Following Choksi's footsteps? Wealthy Indians are rushing for new passports
There has been a growing interest among wealthy Indians to buy citizenship of other countries, ever since Mehul Choksi obtained a citizenship for Antigua in November 2017, TOI reports. Till now only Chinese and Russian were interested in citizenship in return for investment, but firms which deal with such demands have seen a rise in requests from wealthy Indians. Here's more on this.
Henley & Partners, a firm based in Jersey, that arranges foreign citizenship, said they saw a 320% rise in inquiries globally in the last year. The firm saw a significant rise in inquiries from Indians. Similarly, London-based firm Knightsbridge Capital Partners, that sells second citizenship to wealthy people, said it saw a 70-80% rise in inquiries from Indians. But how to get citizenship?
All you have to do is shed some money and get citizenship. A citizenship of Dominica or St Lucia costs $100,000, and by spending £2 million you can get an EU passport for Cyprus. Some countries accept a direct fund to their sovereign fund. Before one gets a passport, agents and host countries run a thorough check. The passport and naturalization certificate is issued in 3-14 months.
Now the question is, why are Indians looking for citizenship of other countries? Henley & Partners' Dominic Volek said just like Chinese and Russians they are also looking to seek better lifestyle, education, transport, and clean air. Further, Volek said many never leave their countries but have a second home and passport ready. Since dual-citizenship isn't allowed in India, they opt for residence-by-investment schemes.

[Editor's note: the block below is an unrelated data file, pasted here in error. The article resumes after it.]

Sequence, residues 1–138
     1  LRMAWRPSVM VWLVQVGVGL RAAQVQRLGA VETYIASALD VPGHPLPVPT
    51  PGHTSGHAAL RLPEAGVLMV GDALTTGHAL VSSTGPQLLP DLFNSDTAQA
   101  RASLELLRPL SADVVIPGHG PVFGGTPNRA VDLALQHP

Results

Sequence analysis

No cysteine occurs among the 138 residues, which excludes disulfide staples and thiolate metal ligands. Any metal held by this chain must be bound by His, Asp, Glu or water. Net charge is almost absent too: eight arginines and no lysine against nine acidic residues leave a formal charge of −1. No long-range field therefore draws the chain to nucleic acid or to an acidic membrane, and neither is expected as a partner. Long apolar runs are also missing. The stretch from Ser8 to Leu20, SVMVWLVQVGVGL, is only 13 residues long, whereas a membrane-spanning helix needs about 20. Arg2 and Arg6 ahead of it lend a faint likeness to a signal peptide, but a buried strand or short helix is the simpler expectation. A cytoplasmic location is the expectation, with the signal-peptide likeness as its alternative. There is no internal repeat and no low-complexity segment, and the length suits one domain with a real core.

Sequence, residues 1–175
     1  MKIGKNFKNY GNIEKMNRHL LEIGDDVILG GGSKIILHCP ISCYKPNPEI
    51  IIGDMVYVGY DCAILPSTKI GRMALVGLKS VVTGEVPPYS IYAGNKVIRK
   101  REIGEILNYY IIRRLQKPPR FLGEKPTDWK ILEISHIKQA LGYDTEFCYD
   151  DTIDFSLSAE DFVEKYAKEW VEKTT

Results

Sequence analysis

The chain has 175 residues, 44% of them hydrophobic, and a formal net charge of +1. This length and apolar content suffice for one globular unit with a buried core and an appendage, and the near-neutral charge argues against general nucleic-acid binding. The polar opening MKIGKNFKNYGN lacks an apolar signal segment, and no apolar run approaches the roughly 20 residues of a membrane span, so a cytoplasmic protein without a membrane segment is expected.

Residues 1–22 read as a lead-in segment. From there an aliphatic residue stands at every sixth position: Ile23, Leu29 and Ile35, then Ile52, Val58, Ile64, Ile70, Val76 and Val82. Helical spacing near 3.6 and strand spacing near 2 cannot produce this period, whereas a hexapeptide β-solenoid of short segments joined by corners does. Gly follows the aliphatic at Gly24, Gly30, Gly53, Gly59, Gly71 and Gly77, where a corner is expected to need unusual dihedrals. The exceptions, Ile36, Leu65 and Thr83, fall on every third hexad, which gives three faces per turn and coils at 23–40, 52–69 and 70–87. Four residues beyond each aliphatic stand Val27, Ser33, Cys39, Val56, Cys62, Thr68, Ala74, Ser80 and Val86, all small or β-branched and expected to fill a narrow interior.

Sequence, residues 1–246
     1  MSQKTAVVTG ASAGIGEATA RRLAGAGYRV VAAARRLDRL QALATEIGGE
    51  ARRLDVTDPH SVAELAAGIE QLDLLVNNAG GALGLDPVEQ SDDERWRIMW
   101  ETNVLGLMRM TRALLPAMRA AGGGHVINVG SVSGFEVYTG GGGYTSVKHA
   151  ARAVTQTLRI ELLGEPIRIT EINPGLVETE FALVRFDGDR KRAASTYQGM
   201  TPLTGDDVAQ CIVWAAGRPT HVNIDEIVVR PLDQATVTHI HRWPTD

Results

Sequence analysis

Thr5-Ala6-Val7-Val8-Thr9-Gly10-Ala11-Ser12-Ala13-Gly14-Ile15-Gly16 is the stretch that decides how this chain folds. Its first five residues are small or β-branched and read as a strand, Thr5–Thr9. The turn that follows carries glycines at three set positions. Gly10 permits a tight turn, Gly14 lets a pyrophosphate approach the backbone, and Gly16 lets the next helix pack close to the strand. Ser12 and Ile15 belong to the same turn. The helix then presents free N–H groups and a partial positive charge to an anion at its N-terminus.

Knightsbridge's Luke Hexter revealed there are other reasons too and access to EU single market is one of them. Hexter added the rich are employing all kinds of strategies to protect their wealth. While America, Canada, and Australia remain preferred destinations for Indians, they are also going for some 30-40 other countries, like Malta, whose passport allows easy mobility.
Reaz Jafri, CEO of Withers Global Advisors said sometimes the rich fear politically-motivated tax persecution. As opposed to earlier, when assets could be hidden, these days they prefer moving to a jurisdiction which provides flexibility. The firms, however, maintained they don't take up potentially risky cases and hence the background checks.
Jafri said a politician who may have taken bribes or accumulated wealth in the wrong manner, will not be taken up by his firm or any other. But is there a risk of losing a citizenship? Jafri said the chances are slim but if proven the facts were misrepresented at the time of application then it could be revoked.